URBAN farming proved to be very helpful particularly now that we are facing a pandemic. This encourages urban dwellers to use their limited space at home to grow their own food. If they have a bountiful harvest, it may even serve as a source of income for them.
This has been the scenario for Hiyasmin Baling and her husband Gabriel Balsa, both graduates of SM Foundation’s Kabalikat sa Kabuhayan (KSK) Farmers’ Training program in 2019.
After completing the program, Hiyasmin and Gabriel decided to convert the rooftop of their house in Antipolo City into a full-blown garden of vegetables, fruits, ornamental plants. Among their produce are eggplant, tomatoes, lettuce, lemon grass, okra, Chinese kangkong, ampalaya, and pechay.
Before the pandemic hit the country, Hiyasmin runs a beauty parlor at their home that served as their main source of income. But her enterprise became unstable due to the community restrictions imposed by their LGU in order to prevent the spread of COVID-19. To keep their finances afloat, Hiyasmin and her husband decided to focus more on planting.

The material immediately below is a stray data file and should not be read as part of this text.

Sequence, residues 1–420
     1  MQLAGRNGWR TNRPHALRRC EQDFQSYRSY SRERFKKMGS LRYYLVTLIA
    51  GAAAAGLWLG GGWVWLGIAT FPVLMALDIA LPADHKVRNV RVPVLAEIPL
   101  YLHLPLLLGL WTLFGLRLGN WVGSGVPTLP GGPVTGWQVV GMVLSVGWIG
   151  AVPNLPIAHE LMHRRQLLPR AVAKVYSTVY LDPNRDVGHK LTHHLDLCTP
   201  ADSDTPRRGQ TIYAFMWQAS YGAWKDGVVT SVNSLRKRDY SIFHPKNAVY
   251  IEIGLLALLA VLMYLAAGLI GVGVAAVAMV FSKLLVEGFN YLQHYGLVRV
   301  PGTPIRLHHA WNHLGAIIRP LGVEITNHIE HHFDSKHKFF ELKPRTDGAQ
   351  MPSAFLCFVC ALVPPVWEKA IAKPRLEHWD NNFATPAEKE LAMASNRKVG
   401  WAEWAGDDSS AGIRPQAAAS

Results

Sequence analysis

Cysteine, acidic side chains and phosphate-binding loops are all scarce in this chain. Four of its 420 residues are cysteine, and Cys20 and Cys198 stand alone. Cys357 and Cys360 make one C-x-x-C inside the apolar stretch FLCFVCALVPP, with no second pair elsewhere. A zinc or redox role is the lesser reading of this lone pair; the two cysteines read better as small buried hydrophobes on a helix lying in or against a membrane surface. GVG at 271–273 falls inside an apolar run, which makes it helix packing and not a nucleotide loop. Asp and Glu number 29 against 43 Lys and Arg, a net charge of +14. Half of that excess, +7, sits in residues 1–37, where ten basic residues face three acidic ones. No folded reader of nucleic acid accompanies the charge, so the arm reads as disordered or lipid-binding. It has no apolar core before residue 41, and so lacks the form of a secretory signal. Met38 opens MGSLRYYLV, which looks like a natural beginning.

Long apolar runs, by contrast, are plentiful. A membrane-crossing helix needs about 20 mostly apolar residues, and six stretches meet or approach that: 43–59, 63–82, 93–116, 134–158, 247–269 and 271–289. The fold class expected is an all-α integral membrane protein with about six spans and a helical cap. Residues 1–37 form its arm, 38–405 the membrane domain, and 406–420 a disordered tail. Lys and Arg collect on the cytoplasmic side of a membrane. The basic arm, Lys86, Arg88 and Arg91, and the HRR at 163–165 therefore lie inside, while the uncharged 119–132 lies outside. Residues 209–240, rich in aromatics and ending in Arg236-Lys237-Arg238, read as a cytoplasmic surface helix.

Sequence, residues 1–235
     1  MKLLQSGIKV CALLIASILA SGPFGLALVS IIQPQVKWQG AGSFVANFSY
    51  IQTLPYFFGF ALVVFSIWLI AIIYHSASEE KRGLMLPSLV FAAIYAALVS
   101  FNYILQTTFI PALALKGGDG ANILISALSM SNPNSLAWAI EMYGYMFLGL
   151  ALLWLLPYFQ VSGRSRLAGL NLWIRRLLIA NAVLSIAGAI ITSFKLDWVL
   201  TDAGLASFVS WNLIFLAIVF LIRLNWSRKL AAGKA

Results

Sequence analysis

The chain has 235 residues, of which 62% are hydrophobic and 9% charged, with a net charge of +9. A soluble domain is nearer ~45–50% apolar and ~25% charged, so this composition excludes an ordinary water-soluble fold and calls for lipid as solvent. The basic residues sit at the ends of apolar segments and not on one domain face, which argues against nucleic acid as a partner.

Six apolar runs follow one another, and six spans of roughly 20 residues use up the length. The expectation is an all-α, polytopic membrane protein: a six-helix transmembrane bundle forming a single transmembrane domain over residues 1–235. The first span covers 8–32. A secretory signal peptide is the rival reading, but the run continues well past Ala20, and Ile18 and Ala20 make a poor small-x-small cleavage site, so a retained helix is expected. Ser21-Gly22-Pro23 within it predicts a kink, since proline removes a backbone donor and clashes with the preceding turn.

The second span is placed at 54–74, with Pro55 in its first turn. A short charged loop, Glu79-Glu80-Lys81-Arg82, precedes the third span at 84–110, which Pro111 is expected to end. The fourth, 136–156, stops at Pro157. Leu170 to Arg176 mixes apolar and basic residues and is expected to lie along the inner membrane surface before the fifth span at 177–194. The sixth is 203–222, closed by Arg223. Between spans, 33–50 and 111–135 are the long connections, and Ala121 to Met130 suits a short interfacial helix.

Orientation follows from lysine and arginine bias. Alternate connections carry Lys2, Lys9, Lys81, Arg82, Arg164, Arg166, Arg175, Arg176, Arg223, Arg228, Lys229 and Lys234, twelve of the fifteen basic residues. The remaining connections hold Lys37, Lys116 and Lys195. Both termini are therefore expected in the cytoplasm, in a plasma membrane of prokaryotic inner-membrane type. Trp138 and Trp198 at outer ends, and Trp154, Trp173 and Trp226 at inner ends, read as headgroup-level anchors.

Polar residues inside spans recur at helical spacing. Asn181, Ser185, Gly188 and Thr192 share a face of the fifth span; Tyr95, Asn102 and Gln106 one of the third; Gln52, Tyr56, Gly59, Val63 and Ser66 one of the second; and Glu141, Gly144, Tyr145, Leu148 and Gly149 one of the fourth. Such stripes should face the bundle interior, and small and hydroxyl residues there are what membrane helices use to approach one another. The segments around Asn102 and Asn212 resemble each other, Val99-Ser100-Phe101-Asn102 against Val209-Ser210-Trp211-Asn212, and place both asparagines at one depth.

With the skills and knowledge they learned from KSK, the couple were able to harvest quality produce which they are now selling on the ground floor of their house. “We have already earned P10,000 from selling strawberry plants alone. We also sell vegetable seeds, planting materials, including our own fermented loam soil which rich in organic materials,” Hiyasmin shared.
“I never imagined I could grow and propagate strawberries here in Antipolo. I just tried my luck and it brings me infinite pleasure knowing I succeeded in propagating and growing strawberries and even Blue Ternate—its flowers have numerous health benefits, which is why so many people want this plant in their backyards,” sheadded.
“SM Foundation’s KSK program really helped our family especially during the pandemic. The farming technologies that we learned during the training gave us an alternative livelihood especially now that our primary source of income is not operational. May God bless SM and the SY family for their humble deeds that openopportunities to people in grassroot communities,” Hiyasmin concluded.
Kabalikat Sa Kabuhayan (KSK) program aims to bring modern and sustainable farming skills in both rural and urban communities to help farmers have food on their table and have potential economic opportunities. To date, the program has trained more than 26,700 farmers from almost 3,360 barangays in 880 cities/municipalities.